The sales of the book started increasing right from the day ZEE5 had announced the series. It's a big deal for a book to be adapted into a visual medium. It is an author's dream, so obviously the sales multiplied immediately after the announcement when the series was not even made. So, we re-did the cover of the book mentioning 'The Final Call' for someone who could identify the novel with the series. It was just a celebration of the series. The sales took a further jump upon the release.

Ultimately, the web medium has provided a lot of work for your author contemporaries too. Hope you're happy for them too...

Absolutely. For all good stories, there is an avenue now. Unlike movies, it's not limited by the number of releases per year. With OTT platforms, the content is available all the time, it's a great opportunity for the writer community. But, authors should not put pressure on themselves and aspire about their novel being made into a series. Focus on writing a good book is important and everything else only comes later.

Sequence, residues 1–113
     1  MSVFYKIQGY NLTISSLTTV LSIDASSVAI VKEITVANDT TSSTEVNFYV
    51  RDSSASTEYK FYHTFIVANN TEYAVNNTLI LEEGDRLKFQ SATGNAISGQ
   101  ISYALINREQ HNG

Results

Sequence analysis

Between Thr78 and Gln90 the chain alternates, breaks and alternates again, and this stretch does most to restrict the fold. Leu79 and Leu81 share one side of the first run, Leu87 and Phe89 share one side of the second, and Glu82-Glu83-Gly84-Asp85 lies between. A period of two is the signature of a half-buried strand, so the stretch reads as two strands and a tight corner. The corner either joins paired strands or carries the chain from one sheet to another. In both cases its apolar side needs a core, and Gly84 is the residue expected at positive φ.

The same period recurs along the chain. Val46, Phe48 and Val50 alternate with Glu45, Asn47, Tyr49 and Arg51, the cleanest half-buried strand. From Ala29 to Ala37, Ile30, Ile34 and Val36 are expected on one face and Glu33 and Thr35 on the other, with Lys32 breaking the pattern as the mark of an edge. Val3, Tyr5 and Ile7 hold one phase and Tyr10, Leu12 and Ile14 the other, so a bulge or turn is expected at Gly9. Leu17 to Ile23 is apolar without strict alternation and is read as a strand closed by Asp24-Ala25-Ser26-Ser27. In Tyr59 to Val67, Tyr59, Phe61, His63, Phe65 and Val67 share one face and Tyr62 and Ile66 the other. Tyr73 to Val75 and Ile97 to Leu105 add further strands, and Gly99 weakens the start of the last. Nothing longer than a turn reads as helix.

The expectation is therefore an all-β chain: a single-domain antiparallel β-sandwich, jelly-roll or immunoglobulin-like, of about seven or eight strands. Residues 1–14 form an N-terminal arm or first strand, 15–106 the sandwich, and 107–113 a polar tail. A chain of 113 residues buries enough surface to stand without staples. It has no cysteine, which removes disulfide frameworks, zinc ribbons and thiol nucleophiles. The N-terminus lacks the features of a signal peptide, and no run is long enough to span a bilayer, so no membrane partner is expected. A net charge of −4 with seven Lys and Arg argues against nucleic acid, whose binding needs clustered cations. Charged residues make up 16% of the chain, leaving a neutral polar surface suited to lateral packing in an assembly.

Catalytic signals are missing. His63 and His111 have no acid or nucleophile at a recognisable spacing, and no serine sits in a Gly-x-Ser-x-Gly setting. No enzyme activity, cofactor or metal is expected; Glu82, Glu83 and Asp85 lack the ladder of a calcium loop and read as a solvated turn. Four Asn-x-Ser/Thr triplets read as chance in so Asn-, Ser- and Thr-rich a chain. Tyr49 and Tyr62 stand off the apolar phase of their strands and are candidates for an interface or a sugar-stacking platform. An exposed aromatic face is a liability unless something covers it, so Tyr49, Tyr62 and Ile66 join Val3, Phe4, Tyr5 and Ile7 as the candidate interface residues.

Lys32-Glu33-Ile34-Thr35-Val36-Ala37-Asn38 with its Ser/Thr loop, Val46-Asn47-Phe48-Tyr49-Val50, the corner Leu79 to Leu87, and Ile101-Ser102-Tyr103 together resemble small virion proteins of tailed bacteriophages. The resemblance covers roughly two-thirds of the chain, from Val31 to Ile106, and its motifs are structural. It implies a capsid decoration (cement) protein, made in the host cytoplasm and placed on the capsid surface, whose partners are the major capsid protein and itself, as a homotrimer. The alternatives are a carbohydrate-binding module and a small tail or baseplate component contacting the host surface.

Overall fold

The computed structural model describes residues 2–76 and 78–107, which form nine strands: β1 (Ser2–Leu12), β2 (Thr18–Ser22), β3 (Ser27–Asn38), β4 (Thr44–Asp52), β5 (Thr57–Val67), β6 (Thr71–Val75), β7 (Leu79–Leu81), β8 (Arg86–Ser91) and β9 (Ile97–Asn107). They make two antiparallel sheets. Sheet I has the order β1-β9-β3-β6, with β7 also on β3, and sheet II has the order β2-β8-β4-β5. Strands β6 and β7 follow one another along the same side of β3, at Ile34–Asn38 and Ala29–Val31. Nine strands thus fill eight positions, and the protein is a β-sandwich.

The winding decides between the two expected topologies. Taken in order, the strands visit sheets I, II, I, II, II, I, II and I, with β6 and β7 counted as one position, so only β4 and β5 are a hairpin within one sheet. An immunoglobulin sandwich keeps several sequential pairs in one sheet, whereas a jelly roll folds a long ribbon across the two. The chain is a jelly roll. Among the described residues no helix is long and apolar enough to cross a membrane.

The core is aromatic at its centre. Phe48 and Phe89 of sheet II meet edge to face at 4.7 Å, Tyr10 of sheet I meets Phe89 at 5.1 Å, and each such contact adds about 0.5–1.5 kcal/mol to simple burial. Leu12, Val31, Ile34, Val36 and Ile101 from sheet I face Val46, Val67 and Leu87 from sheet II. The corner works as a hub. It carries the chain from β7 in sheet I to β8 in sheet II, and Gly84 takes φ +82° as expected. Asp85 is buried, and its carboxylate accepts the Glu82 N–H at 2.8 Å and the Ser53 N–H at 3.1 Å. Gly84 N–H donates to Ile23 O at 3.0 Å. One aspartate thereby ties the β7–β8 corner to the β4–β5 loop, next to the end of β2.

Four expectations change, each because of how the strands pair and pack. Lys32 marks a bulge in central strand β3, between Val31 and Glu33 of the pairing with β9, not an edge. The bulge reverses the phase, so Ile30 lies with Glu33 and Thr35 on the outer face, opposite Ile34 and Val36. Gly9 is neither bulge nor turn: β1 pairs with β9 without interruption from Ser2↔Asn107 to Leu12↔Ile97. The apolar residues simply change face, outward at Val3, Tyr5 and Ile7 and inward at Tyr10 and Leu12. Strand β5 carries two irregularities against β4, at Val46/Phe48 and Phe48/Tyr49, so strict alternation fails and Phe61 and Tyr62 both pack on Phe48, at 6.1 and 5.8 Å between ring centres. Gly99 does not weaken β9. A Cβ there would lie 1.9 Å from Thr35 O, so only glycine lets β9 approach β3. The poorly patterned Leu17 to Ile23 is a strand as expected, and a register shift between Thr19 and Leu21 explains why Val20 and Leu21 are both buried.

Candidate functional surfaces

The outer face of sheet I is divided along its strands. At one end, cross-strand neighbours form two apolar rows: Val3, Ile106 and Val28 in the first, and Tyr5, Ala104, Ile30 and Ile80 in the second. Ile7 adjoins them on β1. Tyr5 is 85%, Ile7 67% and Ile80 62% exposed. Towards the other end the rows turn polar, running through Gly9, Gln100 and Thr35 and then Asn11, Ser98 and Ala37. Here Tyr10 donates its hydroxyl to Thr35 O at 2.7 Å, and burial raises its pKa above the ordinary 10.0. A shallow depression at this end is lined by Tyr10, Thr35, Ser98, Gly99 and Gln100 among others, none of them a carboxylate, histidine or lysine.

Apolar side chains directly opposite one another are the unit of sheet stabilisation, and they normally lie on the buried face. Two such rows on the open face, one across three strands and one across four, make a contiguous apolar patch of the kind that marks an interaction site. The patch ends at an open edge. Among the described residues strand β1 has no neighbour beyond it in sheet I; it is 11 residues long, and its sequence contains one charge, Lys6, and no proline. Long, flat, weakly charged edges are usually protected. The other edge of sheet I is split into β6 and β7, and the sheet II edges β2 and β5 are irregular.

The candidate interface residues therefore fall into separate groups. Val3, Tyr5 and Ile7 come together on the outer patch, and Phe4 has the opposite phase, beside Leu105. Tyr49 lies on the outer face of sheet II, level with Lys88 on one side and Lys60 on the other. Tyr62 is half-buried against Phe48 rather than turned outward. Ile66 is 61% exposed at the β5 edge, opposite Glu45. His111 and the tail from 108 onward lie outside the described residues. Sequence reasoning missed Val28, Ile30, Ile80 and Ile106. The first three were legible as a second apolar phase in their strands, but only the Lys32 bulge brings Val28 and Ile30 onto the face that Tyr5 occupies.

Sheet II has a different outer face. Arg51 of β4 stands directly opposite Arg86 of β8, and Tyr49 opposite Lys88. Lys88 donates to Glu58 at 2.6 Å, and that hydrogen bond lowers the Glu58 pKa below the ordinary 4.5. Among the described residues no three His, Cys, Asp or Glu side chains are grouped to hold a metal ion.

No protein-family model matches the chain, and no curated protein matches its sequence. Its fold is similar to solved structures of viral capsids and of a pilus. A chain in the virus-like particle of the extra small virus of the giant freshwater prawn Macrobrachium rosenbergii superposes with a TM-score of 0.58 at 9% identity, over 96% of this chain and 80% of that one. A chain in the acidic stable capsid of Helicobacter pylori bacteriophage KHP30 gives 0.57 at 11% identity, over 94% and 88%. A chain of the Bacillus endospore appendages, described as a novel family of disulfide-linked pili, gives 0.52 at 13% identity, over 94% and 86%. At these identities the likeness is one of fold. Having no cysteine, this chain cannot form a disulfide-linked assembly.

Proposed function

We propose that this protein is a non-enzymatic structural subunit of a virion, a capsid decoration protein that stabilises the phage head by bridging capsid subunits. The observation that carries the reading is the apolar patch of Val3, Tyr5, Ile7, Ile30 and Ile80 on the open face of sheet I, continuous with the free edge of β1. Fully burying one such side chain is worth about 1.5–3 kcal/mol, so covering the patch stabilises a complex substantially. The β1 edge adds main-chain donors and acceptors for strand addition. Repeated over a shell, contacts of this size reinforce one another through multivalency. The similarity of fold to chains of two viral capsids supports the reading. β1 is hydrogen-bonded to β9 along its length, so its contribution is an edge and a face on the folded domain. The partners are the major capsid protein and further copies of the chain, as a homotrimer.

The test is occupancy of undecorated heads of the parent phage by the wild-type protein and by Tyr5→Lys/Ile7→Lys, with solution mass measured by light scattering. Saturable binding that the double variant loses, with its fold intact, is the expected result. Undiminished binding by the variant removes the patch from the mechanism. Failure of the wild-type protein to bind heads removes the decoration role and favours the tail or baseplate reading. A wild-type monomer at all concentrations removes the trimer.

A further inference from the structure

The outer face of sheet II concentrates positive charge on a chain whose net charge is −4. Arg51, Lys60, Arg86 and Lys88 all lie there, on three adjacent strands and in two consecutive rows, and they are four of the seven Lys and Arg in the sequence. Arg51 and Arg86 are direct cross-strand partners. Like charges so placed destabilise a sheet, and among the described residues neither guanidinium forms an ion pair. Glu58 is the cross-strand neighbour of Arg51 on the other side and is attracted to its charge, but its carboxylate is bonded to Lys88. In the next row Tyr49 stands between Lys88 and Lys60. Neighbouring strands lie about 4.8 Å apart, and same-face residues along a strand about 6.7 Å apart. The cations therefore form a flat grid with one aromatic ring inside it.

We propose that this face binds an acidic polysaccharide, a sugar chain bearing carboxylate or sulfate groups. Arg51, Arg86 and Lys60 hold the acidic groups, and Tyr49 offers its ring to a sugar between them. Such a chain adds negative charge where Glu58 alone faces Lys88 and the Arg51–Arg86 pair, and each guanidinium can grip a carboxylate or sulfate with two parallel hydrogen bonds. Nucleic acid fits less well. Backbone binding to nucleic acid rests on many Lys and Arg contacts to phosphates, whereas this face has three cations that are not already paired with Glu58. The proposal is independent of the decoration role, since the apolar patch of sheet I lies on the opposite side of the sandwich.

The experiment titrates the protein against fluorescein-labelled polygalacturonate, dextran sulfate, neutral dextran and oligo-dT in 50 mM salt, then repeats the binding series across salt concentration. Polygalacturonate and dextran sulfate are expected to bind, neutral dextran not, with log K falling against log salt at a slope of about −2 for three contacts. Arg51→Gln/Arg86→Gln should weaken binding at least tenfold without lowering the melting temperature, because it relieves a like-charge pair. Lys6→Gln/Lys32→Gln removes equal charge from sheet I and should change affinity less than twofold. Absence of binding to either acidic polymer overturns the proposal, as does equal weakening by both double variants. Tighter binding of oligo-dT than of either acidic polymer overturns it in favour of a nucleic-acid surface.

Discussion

Because the responses for the web series are so scattered, how did you evaluate if you were successful with your attempt at writing 'The Final Call'?

ZEE5 was very meticulous in putting together the feedback about the series. I have read every single comment. A person was compiling every comment posted on the internet about the series, be it reviews, features, interviews, and video. In that whole collection, there was only one comment where the reaction was negative. On the whole, the praise was so overwhelming that it's going to be a lot of pressure for the second web-series. Luckily, the audience reaction has been unanimous and that's a great compliment to the team for having done such a fabulous job. I enjoy the pressure to deliver better stuff to audiences now.